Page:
At 6:?? (by this time, I'm too relaxed to remember what time it is) we sit down at the table and enjoy a good meal. The potato latkes, or pancakes that are a tradition on Hanukkah, are a nice addition to our weekly Sabbath dinner. I appreciate the fact that we're all sitting down to eat now. (All too soon we'll be up again to play dreidel and open a present or two.) I start to remember for the first time since last Friday that this is what Shabbat is all about--thanking God. We thank him for all that he has given us. We thank him for our health and the gift that we can share this moment on a nice, quiet--well, not so quiet--Friday evening. Maybe the food's not perfect, but the time together certainly is.

Hebrew for "Sabbath [of] peace," a greeting on the Jewish Sabbath. Hebrew for "Head of the Year," the Jewish New Year. With Yom Kippur, known as the High Holy Days. Hebrew for "Day of Atonement," the final of ten Days of Awe that begin with Rosh Hashanah. Occurs during the fall and is marked by a 24-hour fast. One of the most important Jewish holidays. Hebrew for "Stronghold of Rock" (more commonly known in English as "Rock of Ages"), a Jewish liturgical poem sung on Hanukkah after lighting the candles. Hanukkah (known by many spellings) is an eight-day Jewish holiday commemorating the rededication of the Second Temple in Jerusalem at the time of the Maccabean Revolt of the 2nd Century BCE. It is marked by the lighting of a menorah and the eating of fried foods. A bread that comes in a few different varieties; its most common variation is a braided egg bread, though there are water challahs that don't have eggs, and there are whole-wheat challahs which sometimes also don't have eggs. It is customary to being Sabbath and holiday meals by saying blessings and eating challah. Hebrew for "sanctification," a blessing recited over wine or grape juice to sanctify the Sabbath and Jewish holidays. Hebrew for "candelabrum" or "lamp," it usually refers to the nine-branched candelabrum that is lit for the holiday of Hanukkah. (A seven-branched candelabrum, a symbol of the ancient Temple in Jerusalem, is a symbol of Judaism and is included in Israel's coat of arms.) A language of West Semitic origins, culturally considered to be the language of the Jewish people. Ancient or Classical Hebrew is the language of Jewish prayer or study. Modern Hebrew was developed in the late-19th and early 20th centuries as a revival language; today it is spoken by most Israelis.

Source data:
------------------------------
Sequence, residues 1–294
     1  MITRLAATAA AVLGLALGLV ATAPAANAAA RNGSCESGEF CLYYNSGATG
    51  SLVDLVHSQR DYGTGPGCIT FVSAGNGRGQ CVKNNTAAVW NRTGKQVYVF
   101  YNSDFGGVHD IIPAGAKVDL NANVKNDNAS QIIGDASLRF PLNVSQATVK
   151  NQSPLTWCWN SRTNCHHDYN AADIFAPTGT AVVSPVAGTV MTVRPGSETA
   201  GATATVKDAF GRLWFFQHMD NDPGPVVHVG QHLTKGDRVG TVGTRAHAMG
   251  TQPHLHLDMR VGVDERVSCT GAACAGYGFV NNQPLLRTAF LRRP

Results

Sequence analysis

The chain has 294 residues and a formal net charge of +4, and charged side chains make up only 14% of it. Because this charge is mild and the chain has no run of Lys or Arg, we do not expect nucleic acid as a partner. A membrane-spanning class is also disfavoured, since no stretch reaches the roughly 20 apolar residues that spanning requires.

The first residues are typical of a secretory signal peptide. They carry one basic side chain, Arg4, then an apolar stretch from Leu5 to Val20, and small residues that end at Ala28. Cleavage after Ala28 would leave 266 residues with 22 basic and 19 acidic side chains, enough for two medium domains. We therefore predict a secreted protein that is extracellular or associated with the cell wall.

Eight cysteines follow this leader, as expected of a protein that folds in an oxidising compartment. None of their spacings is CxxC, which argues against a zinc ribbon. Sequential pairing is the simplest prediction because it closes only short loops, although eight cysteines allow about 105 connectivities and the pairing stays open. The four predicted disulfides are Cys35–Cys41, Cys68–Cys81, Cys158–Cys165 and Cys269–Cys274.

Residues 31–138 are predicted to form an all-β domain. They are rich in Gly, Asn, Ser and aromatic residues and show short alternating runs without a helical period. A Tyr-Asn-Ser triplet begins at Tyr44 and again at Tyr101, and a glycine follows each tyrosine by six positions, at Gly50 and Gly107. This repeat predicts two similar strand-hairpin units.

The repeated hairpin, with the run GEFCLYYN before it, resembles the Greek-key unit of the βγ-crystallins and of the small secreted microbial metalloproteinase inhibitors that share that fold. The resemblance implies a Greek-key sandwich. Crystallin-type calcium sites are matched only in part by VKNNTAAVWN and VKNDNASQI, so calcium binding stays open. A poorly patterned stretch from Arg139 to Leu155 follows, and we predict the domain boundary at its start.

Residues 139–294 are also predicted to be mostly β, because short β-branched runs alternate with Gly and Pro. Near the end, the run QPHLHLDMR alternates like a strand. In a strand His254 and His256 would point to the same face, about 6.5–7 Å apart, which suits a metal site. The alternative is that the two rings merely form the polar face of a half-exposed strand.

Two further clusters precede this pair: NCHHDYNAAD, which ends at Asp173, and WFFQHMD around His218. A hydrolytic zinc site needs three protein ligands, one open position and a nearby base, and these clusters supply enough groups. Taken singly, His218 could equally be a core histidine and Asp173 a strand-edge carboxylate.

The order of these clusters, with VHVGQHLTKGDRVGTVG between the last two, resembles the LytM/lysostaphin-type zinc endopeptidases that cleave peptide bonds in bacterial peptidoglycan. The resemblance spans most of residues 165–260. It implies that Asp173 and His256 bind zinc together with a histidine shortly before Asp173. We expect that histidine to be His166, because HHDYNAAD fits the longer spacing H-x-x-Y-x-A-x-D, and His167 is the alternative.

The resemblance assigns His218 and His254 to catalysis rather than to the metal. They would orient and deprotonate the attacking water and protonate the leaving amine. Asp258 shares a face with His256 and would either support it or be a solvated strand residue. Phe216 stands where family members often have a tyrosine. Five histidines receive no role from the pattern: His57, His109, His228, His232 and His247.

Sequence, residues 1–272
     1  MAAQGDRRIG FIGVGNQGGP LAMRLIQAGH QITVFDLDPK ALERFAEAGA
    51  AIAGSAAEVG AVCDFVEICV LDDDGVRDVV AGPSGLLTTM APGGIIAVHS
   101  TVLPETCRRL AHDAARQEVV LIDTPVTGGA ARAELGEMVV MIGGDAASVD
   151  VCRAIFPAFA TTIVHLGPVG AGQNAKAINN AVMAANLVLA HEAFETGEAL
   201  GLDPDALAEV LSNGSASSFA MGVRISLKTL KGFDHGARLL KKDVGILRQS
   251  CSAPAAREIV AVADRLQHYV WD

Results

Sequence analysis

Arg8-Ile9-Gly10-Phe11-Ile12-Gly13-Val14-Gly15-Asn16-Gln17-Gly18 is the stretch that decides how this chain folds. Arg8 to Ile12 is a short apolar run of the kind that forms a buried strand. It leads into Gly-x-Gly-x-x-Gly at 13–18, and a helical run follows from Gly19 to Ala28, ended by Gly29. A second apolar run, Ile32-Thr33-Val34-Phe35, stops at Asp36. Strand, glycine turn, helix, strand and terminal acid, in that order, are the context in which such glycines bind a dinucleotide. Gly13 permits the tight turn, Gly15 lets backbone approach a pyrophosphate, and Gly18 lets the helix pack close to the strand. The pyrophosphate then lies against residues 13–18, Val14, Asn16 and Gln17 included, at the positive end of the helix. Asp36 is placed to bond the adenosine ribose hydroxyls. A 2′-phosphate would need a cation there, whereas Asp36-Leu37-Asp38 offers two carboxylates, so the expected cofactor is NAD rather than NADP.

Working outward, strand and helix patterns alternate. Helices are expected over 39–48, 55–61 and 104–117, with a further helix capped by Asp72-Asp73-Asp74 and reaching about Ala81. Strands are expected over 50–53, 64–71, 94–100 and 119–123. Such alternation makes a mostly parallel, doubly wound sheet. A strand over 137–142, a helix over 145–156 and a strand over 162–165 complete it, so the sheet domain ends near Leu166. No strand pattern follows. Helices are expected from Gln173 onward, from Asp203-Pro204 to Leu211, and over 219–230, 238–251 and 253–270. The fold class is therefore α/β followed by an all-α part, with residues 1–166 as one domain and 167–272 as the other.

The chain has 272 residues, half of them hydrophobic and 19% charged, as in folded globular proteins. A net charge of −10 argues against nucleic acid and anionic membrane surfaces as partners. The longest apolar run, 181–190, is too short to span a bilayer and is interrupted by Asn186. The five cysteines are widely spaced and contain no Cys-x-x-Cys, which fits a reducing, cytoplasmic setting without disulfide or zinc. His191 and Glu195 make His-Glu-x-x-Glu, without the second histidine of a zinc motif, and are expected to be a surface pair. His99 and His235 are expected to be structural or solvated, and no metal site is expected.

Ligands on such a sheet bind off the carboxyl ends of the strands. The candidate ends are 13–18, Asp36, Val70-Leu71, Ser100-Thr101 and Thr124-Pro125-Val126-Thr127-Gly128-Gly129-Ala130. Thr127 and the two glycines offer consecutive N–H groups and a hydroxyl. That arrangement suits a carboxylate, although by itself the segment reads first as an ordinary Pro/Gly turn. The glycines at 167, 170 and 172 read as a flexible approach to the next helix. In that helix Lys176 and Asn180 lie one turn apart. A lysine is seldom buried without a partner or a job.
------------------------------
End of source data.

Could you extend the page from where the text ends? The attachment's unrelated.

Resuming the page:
Hebrew for "fit" (as in, "fit for consumption"), the Jewish dietary laws. Yiddish word for a potato pancake, traditionally eaten during Hanukkah. Hebrew for "brings forth" or "expels," the first unique or identifying word of the blessing over bread ("...brings forth bread from the earth"). Some say this blessing over bread, others recite it as a catch-all before a meal. Hebrew for "my master," the term refers to a spiritual leader and teacher of Torah. Often, but not always, a rabbi is the leader of a synagogue congregation. The first five books of the Hebrew Bible (Genesis, Exodus, Leviticus, Numbers, Deuteronomy), or the scroll that contains them.
Jim Keen

Jim Keen is the author of the book Inside Intermarriage: A Christian Partner's Perspective on Raising a Jewish Family (URJ Press). He lives in Ann Arbor, Michigan with his wife and two daughters.